Khajuraho, a mahamandapa is often distinguished by transepts (bumped-out portions perpendicular to the temple's main axis).

Vestibule (Antarala): a transitional space between a temple's main hall and the inner sanctum (garbhagrha) where the image of the temple's primary deity would be housed.  The antarala was found only in the largest temples, and in many smaller ones was omitted entirely.  This architectural element marks the liminal space between the exterior world and the divine world, and at Khajuraho the exterior panels on these elements are the primary sites for large panels with sexually explicit scenes (particularly on the Vishvanath and Kandariya Mahadev temples).  This placement cannot be accidental, although observers differ about what these mean.  At the very least, it could indicate that sexuality and encountering the divine are both liminal experiences that force us out of ourselves. 

Inner Sanctum (Garbhagrha):  The temple's inner sanctum, containing the image of the temple's primary deity.  The basic function of a Hindu temple is to serve as the deity's dwelling-place (the most common word for temple, mandir, simply means "house"), and devotees come there to interact with and worship the resident deity (often in family groups).  In this respect, Hindu temples are very different from places of worship in many other religious traditions, which serve as centers for congregational worship.  The word garbha can mean either "womb" or "embryo;" both meanings connote potentiality, hiddenness, and a sense of development.  The garbhagrha was located directly below the summit of the highest tower, with the primary deity directly under the highest point.  Smaller temples may only have a small shrine room at the back end of the temple (a "womb" in the metaphorical sense), but larger temples often also have a processional pathway ("ambulatory") around the central shrine, via which devotees can circle around the deity (always clockwise) as a gesture of respect and worship.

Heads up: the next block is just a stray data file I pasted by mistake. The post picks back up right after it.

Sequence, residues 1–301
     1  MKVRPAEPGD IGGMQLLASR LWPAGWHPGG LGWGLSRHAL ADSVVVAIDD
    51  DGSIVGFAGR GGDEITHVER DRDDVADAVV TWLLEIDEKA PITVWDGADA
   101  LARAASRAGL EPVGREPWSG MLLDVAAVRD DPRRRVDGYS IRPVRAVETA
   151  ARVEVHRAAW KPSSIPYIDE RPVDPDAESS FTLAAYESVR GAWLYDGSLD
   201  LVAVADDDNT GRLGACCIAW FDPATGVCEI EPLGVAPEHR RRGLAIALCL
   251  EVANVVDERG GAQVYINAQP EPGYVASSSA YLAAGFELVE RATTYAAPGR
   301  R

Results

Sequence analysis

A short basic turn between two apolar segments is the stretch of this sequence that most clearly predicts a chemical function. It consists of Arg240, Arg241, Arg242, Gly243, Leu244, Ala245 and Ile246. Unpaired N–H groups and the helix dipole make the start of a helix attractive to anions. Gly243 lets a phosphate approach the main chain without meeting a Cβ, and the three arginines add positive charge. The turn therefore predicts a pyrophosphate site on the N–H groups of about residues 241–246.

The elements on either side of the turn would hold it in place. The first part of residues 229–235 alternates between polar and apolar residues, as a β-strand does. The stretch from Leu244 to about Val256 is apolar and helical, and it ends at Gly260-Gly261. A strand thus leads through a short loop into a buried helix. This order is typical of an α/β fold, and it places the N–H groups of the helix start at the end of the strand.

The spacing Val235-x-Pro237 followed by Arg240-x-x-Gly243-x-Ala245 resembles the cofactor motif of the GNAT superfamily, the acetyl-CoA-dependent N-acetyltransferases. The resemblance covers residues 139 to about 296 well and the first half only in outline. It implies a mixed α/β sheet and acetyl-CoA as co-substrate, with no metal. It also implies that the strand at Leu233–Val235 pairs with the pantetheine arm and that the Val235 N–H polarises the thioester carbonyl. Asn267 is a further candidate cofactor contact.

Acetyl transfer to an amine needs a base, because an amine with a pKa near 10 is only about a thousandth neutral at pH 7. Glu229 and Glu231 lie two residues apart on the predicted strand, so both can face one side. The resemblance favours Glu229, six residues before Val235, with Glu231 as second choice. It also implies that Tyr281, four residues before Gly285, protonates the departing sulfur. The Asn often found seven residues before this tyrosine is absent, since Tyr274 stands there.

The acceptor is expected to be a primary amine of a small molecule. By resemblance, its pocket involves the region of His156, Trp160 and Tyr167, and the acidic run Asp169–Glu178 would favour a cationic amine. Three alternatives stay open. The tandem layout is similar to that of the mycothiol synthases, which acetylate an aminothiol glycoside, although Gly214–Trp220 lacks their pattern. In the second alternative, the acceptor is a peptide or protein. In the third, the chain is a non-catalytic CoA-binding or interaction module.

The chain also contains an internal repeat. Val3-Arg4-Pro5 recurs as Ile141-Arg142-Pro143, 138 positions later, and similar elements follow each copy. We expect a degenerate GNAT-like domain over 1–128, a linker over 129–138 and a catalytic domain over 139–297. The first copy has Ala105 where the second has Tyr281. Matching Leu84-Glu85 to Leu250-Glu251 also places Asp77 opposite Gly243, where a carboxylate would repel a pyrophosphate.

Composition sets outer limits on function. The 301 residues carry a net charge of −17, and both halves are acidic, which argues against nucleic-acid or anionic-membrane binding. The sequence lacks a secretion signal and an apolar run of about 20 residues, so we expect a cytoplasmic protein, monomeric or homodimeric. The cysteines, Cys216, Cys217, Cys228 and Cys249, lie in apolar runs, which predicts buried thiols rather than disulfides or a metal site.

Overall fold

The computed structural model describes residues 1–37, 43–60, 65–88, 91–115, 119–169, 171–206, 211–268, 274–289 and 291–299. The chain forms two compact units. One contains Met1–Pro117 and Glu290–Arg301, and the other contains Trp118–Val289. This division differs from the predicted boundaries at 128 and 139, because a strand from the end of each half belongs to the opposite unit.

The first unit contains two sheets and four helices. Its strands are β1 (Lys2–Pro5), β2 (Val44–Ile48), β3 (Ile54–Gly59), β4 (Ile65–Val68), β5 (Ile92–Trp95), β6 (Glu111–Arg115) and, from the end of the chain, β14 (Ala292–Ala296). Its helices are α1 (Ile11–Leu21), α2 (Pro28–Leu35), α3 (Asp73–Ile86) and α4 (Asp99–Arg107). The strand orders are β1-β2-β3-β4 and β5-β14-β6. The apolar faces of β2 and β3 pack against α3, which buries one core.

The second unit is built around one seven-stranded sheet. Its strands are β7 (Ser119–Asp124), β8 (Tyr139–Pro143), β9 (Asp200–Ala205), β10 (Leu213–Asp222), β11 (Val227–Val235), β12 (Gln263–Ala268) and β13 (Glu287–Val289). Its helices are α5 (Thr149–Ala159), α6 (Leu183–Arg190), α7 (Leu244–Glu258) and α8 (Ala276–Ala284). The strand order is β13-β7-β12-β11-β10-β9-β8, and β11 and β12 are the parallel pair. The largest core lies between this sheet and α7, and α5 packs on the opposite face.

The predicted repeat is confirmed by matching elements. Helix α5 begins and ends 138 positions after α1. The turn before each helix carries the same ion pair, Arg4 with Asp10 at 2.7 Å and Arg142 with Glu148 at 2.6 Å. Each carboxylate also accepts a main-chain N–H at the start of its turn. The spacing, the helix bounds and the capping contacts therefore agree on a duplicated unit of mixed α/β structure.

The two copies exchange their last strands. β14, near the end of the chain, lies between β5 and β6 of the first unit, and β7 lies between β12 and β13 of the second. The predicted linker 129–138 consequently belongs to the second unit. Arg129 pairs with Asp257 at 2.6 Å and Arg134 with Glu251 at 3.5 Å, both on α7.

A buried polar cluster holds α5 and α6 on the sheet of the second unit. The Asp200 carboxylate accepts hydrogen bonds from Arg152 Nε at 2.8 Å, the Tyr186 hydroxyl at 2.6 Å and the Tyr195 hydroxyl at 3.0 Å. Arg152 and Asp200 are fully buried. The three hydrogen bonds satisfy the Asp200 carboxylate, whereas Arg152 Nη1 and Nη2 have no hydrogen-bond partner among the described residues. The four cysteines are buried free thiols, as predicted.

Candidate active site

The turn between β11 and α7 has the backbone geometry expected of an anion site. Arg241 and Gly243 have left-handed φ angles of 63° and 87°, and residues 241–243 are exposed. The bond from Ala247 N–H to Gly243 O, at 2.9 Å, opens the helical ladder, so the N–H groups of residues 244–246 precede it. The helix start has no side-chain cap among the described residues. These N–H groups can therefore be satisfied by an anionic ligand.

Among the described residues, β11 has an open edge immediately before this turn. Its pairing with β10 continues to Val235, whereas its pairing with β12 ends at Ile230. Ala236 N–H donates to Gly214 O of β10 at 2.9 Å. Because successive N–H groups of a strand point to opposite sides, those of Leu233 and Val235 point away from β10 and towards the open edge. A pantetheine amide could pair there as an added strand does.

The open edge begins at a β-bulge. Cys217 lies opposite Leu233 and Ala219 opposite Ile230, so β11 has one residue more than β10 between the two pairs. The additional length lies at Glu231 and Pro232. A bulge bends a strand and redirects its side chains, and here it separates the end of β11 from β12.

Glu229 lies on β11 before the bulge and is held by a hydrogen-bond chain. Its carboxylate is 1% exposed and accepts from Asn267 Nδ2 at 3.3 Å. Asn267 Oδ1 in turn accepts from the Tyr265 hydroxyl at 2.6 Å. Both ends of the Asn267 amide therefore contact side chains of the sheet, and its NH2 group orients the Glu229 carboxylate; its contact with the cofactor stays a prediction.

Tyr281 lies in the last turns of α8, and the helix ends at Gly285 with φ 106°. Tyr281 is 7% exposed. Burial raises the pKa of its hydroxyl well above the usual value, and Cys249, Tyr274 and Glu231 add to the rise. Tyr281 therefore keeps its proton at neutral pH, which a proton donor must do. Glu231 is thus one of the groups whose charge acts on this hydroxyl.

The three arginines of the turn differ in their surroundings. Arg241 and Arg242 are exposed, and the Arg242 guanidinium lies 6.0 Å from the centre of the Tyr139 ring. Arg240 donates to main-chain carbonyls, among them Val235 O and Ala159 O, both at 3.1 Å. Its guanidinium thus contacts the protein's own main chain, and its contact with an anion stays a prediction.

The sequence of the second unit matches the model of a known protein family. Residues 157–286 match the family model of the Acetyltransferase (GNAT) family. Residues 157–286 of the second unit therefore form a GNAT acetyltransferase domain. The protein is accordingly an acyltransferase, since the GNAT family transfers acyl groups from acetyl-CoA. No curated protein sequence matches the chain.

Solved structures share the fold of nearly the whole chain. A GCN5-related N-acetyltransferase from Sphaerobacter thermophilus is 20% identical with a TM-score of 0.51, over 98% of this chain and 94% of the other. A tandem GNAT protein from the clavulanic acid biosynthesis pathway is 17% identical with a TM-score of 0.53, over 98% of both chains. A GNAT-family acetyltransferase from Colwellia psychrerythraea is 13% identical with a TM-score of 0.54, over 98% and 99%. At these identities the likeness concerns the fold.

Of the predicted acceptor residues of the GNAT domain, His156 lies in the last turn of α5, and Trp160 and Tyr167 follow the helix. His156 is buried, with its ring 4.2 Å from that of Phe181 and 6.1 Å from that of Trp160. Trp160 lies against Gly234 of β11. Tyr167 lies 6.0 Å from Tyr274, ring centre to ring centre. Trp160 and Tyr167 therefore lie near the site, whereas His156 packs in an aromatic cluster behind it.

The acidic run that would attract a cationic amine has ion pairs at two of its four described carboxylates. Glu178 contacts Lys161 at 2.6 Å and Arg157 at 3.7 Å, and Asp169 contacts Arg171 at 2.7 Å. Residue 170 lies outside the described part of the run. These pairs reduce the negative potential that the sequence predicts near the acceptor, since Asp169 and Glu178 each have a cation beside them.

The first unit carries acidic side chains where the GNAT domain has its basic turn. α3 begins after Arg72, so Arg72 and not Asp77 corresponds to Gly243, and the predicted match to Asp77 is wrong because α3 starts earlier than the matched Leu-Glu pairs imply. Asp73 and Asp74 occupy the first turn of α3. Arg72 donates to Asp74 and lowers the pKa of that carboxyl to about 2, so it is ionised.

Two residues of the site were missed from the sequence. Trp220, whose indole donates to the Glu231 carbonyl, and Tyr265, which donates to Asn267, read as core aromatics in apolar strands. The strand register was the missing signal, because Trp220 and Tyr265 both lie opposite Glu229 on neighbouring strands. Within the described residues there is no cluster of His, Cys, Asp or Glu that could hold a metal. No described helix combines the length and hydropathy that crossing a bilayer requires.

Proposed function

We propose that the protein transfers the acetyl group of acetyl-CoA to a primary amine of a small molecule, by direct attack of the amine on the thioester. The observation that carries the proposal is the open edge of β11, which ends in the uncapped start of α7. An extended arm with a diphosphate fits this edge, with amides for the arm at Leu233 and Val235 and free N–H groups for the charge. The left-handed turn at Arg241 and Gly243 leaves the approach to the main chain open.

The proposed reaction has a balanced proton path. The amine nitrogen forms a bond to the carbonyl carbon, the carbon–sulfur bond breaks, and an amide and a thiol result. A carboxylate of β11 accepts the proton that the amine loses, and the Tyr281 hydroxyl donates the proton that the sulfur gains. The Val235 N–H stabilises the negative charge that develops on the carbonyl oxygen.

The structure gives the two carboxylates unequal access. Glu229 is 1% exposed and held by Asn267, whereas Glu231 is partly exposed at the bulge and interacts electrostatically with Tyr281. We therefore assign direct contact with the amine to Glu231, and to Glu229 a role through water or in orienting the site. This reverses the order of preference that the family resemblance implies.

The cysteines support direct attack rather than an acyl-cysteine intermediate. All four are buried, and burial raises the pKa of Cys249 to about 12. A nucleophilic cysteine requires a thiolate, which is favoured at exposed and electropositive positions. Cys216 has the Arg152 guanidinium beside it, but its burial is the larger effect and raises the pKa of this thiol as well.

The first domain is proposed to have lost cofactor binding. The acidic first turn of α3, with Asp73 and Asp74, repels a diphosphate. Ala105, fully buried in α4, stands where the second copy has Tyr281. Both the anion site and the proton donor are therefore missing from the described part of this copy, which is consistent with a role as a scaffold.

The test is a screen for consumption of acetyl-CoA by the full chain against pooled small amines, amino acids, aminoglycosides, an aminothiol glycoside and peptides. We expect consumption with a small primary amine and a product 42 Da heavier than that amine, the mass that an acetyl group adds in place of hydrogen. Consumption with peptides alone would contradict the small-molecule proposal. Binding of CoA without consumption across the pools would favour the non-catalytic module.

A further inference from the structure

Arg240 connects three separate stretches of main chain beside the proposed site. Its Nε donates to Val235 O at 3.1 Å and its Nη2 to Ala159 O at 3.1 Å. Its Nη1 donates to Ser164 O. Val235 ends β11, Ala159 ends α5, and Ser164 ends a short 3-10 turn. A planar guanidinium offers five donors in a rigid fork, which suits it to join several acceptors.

Secondary Tower (Urushringa): smaller towers on the temple's exterior to lead the eye up to the highest point.  Their shape often replicates that of the tallest central tower, and 
serves to draw the eye upward toward it.

Base Platform (Adhishsthana): The raised base on which a temple was built.  These are particularly high in the temples at Khajuraho, and by their height accentuate these temple's upward thrust.